… of Mature Transracial Adoptees
John Raible, EdD
A few months ago, I received an email from a complete stranger, who found me online. Emily (not her real name) wrote to me after she had read The Significance of Racial Identity in Transracially Adopted Young Adults, a transcript of a speech I gave back in 1990. In those remarks, I attempted to convey to adoptive parents why I felt so strongly identified with African Americans and black culture, even though I am, in the eyes of some, “only half black.” Emily had written to me to say that the speech resonated with her own situation, in spite of our being of different generations, nationalities, and with different family circumstances.
While Emily and I have never met, I sensed immediately a connection, as I read her heartfelt expression of the confusion and longing she is experiencing as an adult adoptee. In her email, she described herself as a mixed-race woman of Asian and European descent. Now in her late twenties, Emily reported feeling estranged from her well-intentioned white adoptive parents. It saddened me to read that Emily feels that her family situation, in her words, has “deteriorated.” I interpreted this to mean that communication lines have broken down, leaving Emily– and I imagined her parents as well — feeling discouraged, hurt, and confused.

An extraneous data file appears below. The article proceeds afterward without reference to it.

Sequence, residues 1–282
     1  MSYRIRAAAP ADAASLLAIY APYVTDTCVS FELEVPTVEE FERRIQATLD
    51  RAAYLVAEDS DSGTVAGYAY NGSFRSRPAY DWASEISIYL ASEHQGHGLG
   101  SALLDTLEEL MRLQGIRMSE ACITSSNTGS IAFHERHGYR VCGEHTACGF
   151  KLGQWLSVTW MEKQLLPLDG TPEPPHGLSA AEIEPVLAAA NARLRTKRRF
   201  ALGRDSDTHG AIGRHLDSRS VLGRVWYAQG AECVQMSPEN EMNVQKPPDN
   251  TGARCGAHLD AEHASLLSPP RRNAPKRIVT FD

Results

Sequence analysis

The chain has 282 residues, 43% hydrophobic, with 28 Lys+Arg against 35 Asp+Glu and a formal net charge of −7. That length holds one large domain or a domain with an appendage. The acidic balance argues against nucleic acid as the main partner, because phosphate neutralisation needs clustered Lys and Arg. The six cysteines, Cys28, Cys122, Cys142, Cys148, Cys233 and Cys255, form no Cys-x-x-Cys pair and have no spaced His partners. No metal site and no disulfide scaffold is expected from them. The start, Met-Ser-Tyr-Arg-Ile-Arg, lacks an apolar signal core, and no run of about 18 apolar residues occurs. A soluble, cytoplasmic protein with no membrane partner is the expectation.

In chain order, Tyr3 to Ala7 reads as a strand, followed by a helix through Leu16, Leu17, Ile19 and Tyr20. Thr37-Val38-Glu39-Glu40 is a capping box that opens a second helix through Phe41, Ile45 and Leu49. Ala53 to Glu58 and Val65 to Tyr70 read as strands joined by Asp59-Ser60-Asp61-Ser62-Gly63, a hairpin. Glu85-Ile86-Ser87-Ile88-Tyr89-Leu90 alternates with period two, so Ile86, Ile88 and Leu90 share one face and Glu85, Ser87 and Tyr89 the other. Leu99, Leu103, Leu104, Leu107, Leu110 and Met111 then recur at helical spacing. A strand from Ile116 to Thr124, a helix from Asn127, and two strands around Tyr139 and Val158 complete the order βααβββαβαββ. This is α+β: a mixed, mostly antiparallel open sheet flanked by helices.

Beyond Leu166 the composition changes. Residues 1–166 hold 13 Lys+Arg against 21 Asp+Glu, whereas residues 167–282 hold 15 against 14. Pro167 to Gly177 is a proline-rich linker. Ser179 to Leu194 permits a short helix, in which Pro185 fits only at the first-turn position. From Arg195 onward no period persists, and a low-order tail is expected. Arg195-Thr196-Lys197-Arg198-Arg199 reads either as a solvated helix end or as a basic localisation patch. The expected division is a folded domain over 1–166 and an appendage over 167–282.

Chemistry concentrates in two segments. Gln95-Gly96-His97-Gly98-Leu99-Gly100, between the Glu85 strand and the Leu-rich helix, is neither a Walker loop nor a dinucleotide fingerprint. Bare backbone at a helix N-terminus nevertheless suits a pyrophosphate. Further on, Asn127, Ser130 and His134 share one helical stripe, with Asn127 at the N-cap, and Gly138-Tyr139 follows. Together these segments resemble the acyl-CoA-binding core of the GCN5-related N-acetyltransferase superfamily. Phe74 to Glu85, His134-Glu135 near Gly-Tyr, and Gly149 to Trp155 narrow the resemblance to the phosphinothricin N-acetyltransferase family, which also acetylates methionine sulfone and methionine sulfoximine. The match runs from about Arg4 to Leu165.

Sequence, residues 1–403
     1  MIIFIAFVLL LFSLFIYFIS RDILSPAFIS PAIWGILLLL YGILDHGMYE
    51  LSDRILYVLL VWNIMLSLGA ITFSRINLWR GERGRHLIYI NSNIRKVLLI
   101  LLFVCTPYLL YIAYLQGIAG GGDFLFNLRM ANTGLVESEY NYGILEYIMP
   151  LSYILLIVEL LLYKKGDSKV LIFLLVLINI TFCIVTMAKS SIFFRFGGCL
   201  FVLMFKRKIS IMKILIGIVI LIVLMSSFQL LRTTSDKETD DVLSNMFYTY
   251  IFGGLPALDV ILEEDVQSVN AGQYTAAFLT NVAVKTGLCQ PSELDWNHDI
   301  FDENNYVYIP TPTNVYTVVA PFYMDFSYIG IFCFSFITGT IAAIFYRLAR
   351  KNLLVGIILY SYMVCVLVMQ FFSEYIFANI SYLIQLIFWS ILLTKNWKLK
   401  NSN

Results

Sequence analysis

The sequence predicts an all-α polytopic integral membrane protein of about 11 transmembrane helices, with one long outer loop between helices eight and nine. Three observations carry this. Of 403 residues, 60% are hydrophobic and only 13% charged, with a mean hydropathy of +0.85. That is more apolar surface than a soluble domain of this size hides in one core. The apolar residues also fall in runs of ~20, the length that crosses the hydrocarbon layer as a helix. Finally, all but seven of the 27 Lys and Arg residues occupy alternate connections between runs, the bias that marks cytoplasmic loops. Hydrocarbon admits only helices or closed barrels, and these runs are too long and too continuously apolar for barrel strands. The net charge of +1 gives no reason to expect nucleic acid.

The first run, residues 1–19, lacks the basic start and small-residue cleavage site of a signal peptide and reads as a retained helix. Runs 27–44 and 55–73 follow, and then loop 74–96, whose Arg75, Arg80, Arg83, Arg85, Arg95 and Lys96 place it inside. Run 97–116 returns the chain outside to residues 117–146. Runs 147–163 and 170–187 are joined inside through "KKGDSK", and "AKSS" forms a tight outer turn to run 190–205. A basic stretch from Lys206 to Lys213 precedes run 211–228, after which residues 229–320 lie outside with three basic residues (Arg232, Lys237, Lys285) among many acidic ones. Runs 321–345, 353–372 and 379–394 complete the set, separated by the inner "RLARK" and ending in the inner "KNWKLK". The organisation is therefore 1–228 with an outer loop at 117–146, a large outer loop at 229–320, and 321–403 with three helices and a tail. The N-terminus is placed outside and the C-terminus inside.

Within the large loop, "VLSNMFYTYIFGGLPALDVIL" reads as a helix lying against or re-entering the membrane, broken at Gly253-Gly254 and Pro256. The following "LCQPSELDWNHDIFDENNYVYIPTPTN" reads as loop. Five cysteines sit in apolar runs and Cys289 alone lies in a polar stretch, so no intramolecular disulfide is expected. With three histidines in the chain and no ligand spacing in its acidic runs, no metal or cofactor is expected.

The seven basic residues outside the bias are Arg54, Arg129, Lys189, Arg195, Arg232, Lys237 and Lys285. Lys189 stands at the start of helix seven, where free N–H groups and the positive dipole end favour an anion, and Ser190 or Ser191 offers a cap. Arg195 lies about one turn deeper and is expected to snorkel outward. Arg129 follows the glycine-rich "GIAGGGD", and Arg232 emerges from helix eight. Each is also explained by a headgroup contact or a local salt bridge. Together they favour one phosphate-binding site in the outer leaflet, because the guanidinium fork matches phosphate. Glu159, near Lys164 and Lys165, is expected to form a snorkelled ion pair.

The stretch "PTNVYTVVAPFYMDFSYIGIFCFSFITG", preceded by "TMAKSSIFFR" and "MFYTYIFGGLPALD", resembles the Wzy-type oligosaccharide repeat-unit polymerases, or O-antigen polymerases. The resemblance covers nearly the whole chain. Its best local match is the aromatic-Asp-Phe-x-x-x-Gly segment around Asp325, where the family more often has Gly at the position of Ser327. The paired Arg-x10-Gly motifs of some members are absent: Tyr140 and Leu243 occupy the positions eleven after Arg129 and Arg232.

Emily went on to write about how tired she feels after years and years of living as the only person of color in an otherwise all-white community. I could certainly empathize with her expressed desire to move to an integrated, cosmopolitan environment, and with her wish to finally find a place where she might fit in. I empathized also with the frustration and heartache she articulated, feeling more and more distanced from her adoptive parents, who simply don’t understand her adult reality, or her adult needs as a woman of color and as an adoptee. Interestingly, I noticed that Emily made no mention of her connection to her birth family, something I, too, have downplayed in my own life.